Precious Metals Investing For Dummies
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Numismatics. Who thought up that name? Why not call coin collecting, uh, coin collecting? Numismatic coins are coins that have achieved value due to their rarity. Bullion coins are primarily acquired for their metal content. For numismatic coins, you need to consider (or be aware of) the following:
  • Metal content: The major types of precious metals are silver and gold. Other metals exist (base metals such as copper and nickel), but they’re not a factor in the value as is the case with precious metals.
  • Rarity: The fewer there are of a particular coin, the greater the potential value. Many old coins are valuable because of their rarity.
  • Grade (or condition): The better the condition, the higher the value. The grade is a crucial factor in the coin’s value.
  • Age: This is a relatively minor issue, but it’s worth listing. All things being equal, a 100-year-old coin has greater value than a 1-year-old coin.
  • Popularity: Some coin series are more popular than others. The coin’s popularity may be attributed to its beauty or historical significance.
  • Mint mark: Coins were minted at a variety of minting facilities throughout U.S. history. A coin in the same year but from a different mint could be more scarce, hence more valuable.
As you find out in the following sections, numismatics can be a little bit more complicated than just the age and/or metal content. Of course, if you have an old coin made of a precious metal such as gold or silver that’s in excellent condition and is rare and popular, then you have a winner!

collectible coins © Terelyuk /

Aim for profitable coin investing

If you’re going to be successful in coin investing (certainly financially successful), some golden rules will enhance your efforts:
  • Stick to precious metals. Because of other factors (such as inflation), it will enhance your long-term profitability to stick to gold and silver coins due to the metals’ appeal for a variety of reasons. As contemporary coinage becomes more debased (the government is using cheaper metals to keep coin mintage costs low), that means that more valuable coins will keep rising in price.
  • Specialize. It’s hard to keep track of all the coin series. It’s advisable to stick to a single popular series (certainly in the beginning anyway) such as Mercury dimes or Morgan dollars. Get to know the key dates and grades.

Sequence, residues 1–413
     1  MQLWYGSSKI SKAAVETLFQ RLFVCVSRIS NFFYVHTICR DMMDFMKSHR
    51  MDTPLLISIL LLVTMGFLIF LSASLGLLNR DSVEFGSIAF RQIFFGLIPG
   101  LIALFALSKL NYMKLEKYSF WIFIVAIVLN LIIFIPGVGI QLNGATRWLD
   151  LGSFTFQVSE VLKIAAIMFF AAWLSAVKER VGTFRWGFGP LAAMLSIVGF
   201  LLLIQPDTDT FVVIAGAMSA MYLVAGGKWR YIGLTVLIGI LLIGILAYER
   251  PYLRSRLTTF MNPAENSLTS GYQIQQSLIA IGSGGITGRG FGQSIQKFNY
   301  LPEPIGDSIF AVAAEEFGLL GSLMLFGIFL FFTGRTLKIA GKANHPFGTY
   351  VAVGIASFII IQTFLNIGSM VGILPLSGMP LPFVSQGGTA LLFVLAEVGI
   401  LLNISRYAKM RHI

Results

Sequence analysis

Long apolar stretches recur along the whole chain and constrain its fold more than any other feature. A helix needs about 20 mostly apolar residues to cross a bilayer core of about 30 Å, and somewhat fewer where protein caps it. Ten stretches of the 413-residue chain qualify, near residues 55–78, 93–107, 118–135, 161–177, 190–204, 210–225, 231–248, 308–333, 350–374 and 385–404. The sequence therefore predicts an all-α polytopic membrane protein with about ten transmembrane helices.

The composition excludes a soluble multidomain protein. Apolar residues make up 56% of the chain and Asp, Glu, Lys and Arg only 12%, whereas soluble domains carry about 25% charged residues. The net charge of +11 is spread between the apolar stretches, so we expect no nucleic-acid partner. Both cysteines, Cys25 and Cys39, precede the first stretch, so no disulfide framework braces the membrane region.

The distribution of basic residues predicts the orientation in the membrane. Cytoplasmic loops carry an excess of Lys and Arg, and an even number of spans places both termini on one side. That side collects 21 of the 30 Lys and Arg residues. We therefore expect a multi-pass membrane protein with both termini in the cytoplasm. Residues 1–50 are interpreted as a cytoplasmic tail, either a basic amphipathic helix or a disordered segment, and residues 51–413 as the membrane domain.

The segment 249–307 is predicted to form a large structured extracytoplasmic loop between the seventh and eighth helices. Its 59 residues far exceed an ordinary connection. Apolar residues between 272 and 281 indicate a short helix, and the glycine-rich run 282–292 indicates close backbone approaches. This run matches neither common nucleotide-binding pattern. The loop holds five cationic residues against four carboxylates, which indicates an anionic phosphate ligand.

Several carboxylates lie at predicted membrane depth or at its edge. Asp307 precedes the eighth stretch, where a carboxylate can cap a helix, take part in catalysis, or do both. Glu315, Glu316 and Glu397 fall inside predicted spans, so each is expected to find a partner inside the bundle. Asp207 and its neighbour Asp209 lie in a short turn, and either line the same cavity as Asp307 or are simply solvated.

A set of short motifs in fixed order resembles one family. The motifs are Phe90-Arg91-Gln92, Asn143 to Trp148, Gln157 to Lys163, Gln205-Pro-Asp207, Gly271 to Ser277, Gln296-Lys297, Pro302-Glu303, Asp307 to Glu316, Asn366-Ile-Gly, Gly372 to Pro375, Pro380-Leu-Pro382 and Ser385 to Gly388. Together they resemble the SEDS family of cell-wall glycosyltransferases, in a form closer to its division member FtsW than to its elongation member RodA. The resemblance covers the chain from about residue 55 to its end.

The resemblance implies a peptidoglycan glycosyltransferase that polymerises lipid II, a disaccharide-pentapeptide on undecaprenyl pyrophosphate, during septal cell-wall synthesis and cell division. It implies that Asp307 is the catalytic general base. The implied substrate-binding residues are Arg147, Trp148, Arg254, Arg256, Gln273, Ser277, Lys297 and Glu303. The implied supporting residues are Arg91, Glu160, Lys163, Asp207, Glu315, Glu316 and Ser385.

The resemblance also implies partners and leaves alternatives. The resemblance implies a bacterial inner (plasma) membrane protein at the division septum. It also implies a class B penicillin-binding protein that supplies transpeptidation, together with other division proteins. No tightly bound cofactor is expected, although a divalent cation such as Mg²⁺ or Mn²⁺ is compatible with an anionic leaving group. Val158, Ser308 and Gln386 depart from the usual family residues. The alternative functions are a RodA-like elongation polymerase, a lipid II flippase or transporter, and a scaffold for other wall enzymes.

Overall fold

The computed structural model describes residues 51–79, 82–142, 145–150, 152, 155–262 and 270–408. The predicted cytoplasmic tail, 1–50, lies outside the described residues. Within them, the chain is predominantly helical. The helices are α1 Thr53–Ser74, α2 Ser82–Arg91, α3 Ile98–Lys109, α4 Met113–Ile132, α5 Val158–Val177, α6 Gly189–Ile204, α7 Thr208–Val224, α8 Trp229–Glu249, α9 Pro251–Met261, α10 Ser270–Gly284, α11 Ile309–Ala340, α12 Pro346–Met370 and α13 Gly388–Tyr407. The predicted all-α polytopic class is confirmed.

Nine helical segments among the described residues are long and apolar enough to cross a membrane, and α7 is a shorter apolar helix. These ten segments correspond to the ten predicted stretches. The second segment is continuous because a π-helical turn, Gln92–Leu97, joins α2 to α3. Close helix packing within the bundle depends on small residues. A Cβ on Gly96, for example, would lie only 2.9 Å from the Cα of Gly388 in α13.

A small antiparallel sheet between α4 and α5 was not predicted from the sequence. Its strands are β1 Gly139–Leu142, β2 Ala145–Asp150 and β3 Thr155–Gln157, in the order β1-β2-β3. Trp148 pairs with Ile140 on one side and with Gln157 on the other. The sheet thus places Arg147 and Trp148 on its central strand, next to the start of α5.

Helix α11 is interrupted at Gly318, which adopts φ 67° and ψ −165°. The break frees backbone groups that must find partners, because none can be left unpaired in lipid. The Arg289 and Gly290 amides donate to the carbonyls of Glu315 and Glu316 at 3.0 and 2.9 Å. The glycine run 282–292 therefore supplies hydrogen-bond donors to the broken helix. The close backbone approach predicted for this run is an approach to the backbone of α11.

• Focus on quality. Buy the higher grades because they’ll fetch a higher price. Investors will generally look at the uncirculated and proof grades first (grading explanations are in the next section). Depending on the year and mint, an uncirculated Morgan silver dollar, for example, could easily be worth thousands of dollars more than the same coin in good or fine condition.

Making the grade

Grading is a reference to a coin’s physical condition. The grading system, referred to as the Sheldon Scale (named after William Sheldon, who standardized coin grading in 1948), is an industry standard that helps dealers, collectors, and investors find an easier way to determine the coin’s condition. The Sheldon Scale (see the following table) works on a numeric system ranging from 1 to 70, with 70 being the highest and most flawless level.
Sheldon Scale Rundown of Grades
Level Grade Comments
AG-3 About Good Lowest grade. You can barely make out the features on the coin. This is fine if you’re seeking coins for their metal content but the worst (and cheapest) choice for numismatic investors.
G-4 Good This isn’t good in the true sense. It’s a notch above the worst. This is a poor condition.
VG-8 Very Good In this condition, you see all the basic features of the coin, but they’re very worn.
F-12 Fine The fine grades are still low grade. Much better condition than the good grades but not investment grade.
VF-20 Very Fine This and the next two grades have strong definition of major features, but the intricate details are worn out.
VF-30 Choice Very Fine
EF-40 Extra Fine
EF-45 Choice Extra Fine Choice Extra Fine is okay if you’re talking steak, but in the world of coins, it isn’t investment grade; it’s fine if you’re just a collector.
AU-50 About Uncirculated Now you’re talking. Uncirculated means that the coins are in excellent condition. All the features are strong with very little wear and some nicks.
AU-55 Choice About Uncirculated This is a level better than AU-50. Some minor wear and nicks keep it below investment grade.
AU-58 Very Choice About Uncirculated This level is almost indistinguishable with higher grades, but there are noticeable nicks and very slight wear.
MS-60 to 70 Uncirculated or Mint State (MS) This should be the lowest level for investors seeking coins with high desirability. The better the grade, the higher the price at sale time.
MS-70 Proof This is the top grade. The coin has a mirrorlike look and is in superb condition with no blemishes, nicks, or other signs of wear or contact.
The grades of MS-1 to MS-59 could really be called the collectible grades. For collectors who are simply seeking to add to or complete their coin collections, these grades are okay. Because the grades are low, the prices are also generally low, so coins at these levels are affordable.

Those seeking coins with the best potential for investment gain need to concern themselves with the higher grades of MS-60 to MS-70. To get a truly good idea about these investment grades, it’s best to get it from the source, of course. You can find full descriptions straight from the Fifth Edition of Official ANA Grading Standards for United States Coins, published by the American Numismatic Association.

Information sources

As with most things in life, the more information you have, the better off you’re going to be. The top sources of information on numismatic coins are:

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